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Range of Motion and Safety

Range of Motion and Safety

 

Full range of motion training appears to be safe, and should be the basis of the majority of your training. Partial range can be included strategically in more moderate to advanced programs.

 

Deep squats do not cause damage to the knee or spine due to the “wrapping effect”.  The wrapping effect encompasses functional adaptations and soft tissue contact between the back of the thigh and calf.

 

“Statistically significant difference was found between the full range-of-motion group and the partial and mixed groups (p < 0.5). This finding suggests that lifting through a full range of motion was superior to the other training regimens used in this study. However, this investigation also indicated that the partial technique had a positive effect on strength across time within the parameters of this study.”

https://www.ncbi.nlm.nih.gov/pubmed/15903383

 

“Full range of motion (FULL) 1RM strength was significantly greater than the partial range of motion (PART) 1RM after the training period. Average elbow flexor muscle thickness (MT) significantly increased for both training groups (9.65 ± 4.4% for FULL and 7.83 ± 4.9 for PART). These data suggest that muscle strength and MT can be improved with both FULL and PART resistance training, but FULL may lead to greater strength gains.”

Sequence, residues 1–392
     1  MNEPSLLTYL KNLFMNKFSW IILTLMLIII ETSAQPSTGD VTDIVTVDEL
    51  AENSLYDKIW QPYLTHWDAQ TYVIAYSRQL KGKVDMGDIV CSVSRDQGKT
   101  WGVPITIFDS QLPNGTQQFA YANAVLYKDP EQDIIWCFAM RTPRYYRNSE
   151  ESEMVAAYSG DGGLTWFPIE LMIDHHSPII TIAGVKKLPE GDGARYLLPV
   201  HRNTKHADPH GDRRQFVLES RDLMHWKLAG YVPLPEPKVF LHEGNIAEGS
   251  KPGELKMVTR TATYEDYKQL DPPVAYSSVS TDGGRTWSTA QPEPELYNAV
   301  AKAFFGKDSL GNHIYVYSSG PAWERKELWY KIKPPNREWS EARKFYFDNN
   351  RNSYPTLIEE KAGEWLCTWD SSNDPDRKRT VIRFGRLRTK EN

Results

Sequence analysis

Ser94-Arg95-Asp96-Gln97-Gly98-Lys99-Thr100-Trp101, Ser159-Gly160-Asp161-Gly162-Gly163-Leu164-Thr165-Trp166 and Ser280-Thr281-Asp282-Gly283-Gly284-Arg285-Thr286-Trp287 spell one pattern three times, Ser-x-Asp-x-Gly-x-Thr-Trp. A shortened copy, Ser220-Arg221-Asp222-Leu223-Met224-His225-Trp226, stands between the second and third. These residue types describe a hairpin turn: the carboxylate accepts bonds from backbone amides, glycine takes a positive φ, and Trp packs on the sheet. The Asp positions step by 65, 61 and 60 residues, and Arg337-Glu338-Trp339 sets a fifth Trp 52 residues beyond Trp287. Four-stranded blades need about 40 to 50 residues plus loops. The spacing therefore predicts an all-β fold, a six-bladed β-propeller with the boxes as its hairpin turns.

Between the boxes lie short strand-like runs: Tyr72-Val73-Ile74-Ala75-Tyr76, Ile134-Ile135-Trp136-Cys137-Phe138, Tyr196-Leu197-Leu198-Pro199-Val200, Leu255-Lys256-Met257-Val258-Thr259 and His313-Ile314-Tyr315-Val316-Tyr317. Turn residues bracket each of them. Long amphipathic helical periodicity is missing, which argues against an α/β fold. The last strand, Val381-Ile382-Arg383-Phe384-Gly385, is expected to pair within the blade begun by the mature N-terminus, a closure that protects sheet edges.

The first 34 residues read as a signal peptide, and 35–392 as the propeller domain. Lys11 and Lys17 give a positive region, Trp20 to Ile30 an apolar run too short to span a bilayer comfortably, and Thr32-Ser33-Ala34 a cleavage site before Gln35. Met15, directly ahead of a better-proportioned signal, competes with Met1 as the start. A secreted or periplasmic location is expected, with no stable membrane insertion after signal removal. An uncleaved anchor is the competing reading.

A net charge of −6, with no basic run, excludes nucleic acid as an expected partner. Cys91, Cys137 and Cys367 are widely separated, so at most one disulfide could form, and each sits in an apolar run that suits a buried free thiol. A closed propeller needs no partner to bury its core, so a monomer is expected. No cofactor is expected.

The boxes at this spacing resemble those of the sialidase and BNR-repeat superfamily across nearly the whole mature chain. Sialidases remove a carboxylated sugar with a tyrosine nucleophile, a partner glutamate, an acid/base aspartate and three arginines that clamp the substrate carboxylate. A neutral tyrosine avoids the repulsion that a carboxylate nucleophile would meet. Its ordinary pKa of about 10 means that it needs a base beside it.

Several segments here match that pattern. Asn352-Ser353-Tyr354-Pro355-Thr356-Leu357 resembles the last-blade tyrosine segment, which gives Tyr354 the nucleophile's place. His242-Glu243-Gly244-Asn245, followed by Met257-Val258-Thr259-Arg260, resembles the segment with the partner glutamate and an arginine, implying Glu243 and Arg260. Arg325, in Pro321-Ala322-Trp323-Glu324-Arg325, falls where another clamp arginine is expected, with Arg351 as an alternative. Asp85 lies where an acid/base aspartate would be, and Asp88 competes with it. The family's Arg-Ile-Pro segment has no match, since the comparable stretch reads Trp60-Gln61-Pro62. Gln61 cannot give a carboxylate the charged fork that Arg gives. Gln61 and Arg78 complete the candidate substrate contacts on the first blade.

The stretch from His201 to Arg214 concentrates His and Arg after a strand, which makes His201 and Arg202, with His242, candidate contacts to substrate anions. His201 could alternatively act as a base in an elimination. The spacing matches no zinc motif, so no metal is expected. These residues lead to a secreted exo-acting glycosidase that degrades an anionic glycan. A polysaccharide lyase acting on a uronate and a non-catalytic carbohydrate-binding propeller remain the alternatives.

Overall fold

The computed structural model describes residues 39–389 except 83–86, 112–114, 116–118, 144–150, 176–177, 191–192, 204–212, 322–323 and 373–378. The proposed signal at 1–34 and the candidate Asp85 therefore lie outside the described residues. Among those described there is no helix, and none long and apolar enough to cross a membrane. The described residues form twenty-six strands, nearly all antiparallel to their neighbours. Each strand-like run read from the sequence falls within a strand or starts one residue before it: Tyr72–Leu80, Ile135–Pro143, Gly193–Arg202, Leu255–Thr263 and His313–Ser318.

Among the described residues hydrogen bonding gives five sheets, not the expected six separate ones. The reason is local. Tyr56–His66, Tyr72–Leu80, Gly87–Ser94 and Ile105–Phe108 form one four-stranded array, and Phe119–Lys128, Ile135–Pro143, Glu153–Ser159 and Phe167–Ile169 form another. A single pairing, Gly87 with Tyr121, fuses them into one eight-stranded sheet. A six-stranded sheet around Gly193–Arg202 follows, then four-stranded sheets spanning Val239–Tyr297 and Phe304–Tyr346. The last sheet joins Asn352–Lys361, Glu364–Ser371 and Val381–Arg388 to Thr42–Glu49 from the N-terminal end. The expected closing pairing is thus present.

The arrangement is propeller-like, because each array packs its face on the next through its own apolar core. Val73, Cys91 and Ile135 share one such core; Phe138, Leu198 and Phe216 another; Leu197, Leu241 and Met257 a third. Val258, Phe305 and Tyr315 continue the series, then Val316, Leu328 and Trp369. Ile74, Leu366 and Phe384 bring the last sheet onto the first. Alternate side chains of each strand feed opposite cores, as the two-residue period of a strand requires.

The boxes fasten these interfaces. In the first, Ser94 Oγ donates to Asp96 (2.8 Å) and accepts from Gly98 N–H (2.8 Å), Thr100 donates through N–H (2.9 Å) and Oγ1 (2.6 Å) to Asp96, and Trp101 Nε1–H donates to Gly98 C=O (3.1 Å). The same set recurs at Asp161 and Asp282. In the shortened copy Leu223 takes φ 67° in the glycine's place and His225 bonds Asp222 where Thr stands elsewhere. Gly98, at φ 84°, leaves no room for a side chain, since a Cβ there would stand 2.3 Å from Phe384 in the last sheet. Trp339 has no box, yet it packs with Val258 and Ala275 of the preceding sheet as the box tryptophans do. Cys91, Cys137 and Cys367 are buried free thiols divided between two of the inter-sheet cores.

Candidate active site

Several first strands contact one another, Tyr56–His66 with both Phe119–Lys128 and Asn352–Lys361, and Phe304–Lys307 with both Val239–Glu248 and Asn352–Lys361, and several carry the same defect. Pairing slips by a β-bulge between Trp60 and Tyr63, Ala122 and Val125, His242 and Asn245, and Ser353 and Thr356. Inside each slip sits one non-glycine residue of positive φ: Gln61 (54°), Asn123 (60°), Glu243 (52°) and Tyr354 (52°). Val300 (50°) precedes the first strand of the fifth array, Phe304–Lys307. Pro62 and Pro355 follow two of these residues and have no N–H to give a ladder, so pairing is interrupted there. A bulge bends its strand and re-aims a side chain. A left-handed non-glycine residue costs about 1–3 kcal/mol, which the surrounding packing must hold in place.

https://www.ncbi.nlm.nih.gov/pubmed/22027847

 

“The practical implications for this body of work follow that full range of motion should be observed in resistance training where increased muscle strength and size are the objective, because we demonstrate here that ROM should not be compromised for greater external loading.”

https://www.ncbi.nlm.nih.gov/pubmed/23629583

 

“Deep-squat training appears to elicit the best improvement for both shallow-and deep-squatting performance.”

https://journals.lww.com/nsca-jscr/Abstract/2000/08000/Comparative_Effects_of_Deep_Versus_Shallow_Squat.1.aspx

 

Training deep squats elicited more favourable adaptations on knee extensor muscle size and function compared to training shallow squats.

https://www.ncbi.nlm.nih.gov/pubmed/23604798